In this weekly column, staff writer Andrea Alfano puts together the most striking science images from the past week's news for your viewing pleasure.
This week in science, we saw an insect that looks like it's disguised as a robot and a robot that looks like it's trying to pass itself off as an insect.
The seemingly unnaturally shiny ant on the left is a Saharan silver ant, and its flashy appearance actually serves a critical purpose. Researchers reported in the journal Science earlier this week that the silvery hairs coating the ants' exoskeleton have special properties that keep the ants cool in the blistering Sahara heat. They found that the hairs are structured in a way that allows them to control a broad range of light waves, not just visible light.
The ants' silver hairs are so effective for cooling that the findings could lead to new coating materials for passive radiative cooling of objects that are modeled off the ants' strategy.
Hallucigenia, the alien-looking creature illustrated above has 7 pairs of legs, 3 pairs of tentacles, and rows of spines along its back. And presumably, it has a head, too. But this half-billion-year-old worm, preserved in fossils found in western Canada's Burgess Shale, has such an unusual body plan that for decades, scientists weren't completely sure which end was the head and which was the tail. This week brought a definitive answer, as researchers looked more closely at the fossils and discovered that one end bears needle-like teeth.
Four galaxies huddle together in this NASA/ESA Hubble Space Telescope image. They belong to a larger group of galaxies called the Hickson Compact Group 16. Because compact groups contain such unusually dense clusters of galaxies, they are filled with strange and fascinating phenomena.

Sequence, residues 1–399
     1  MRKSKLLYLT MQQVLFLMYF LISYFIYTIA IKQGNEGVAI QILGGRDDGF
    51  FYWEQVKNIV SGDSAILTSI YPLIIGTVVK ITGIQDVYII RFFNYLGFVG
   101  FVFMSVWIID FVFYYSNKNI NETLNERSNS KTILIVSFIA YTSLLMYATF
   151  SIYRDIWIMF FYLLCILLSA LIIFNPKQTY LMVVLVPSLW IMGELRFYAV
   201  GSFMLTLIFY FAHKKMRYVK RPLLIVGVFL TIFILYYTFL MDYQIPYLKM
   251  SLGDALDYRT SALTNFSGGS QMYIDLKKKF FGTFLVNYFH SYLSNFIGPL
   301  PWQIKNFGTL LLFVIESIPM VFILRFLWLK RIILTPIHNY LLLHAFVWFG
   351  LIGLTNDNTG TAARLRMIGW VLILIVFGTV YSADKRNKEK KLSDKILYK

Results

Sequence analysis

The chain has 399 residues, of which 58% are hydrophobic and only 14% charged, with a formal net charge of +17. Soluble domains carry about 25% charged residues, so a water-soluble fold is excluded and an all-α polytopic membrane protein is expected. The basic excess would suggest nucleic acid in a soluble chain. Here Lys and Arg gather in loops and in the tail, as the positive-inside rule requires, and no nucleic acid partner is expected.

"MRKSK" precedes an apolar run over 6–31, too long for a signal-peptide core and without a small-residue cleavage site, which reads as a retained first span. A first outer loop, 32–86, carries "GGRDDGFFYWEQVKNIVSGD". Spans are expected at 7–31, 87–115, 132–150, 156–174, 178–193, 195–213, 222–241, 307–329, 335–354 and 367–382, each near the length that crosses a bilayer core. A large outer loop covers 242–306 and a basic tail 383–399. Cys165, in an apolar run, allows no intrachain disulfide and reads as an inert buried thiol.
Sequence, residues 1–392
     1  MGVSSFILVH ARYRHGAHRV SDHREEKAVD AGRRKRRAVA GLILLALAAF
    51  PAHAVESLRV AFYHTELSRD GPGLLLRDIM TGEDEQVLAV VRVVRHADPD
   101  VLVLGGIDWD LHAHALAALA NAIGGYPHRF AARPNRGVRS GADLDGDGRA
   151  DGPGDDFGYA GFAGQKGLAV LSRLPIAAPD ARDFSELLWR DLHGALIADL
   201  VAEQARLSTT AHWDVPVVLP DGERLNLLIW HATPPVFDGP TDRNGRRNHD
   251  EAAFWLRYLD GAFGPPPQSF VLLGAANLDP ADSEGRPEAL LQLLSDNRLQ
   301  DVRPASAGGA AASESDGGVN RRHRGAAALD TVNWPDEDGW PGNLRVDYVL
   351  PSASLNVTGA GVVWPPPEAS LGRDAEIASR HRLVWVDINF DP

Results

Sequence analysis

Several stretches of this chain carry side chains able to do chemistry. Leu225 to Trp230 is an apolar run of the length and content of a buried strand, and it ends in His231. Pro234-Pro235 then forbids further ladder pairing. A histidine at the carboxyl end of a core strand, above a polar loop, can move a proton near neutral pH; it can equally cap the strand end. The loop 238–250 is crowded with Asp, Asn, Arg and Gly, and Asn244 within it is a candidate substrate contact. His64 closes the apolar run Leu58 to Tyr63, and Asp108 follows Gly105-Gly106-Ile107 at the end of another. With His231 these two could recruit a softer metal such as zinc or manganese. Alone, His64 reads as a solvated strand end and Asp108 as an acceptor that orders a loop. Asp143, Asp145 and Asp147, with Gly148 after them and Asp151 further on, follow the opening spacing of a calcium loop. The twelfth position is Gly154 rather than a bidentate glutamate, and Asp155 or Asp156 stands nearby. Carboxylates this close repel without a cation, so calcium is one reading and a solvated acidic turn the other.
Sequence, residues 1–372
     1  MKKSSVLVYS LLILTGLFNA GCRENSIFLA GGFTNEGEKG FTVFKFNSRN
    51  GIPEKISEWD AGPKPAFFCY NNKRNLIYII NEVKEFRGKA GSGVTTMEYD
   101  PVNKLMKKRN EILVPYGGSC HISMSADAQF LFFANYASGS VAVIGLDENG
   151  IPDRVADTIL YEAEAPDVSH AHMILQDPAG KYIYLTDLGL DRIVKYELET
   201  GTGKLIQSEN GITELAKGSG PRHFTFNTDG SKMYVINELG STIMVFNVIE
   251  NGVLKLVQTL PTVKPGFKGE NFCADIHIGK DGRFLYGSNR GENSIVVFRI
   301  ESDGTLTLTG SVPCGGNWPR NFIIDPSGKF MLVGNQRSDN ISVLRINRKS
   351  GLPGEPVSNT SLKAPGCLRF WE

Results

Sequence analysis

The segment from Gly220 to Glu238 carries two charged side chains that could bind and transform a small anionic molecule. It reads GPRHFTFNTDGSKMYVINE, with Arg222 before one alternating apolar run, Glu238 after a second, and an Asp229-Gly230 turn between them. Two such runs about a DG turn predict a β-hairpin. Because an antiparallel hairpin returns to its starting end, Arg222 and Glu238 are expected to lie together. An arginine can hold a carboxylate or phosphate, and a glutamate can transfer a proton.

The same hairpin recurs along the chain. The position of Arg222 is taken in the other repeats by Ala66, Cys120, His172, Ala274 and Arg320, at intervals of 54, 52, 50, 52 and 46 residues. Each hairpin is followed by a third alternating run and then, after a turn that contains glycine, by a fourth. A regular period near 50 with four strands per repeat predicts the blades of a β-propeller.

The rectangular robot above is terrible at negotiating dense clusters of obstacles, such as the piles of rubble in a disaster area. But with the addition of a "terradynamic" shell, the robot is able to easily scuttle through clutter simply as a result of the shell's shape. This simple and elegant solution was actually borrowed from the lowly cockroach, and researchers hope the bio-inspired design will one day help robots tasked with searching for survivors after disasters and monitoring environmental conditions.
The scientific explanation for the shimmering rings of color in this image from NASA's Chandra X-ray Observatory sounds about as fantastical as the rings look. What you are seeing are "echoes" of X-ray light produced by a neutron star. But apparently that's not enough fantasy for the researchers studying the system, who have taken to calling it the "Lord of the Rings."
The geometric shapes in the image above are not snowflakes, but common moon jellies. The jellyfish look so different from one another because they've lost different numbers of limbs, but they've managed to keep at least one thing consistent among them - symmetry. Scientists reported this week that when these eight-limbed sea creatures lose a limb, they don't regrow them like many invertebrates do. Rather, they reorganize their bodies such that they stay symmetrical.
Previous work by planetary scientists has shown that volcanoes ravaged Venus's surface earlier in the life of the planet. But this week researchers used images from the Venus Express spacecraft to show that some volcanoes are likely still exploding on Venus even today. They say that understanding Venusian volcanoes may help scientists better understand the evolution of planets like Earth.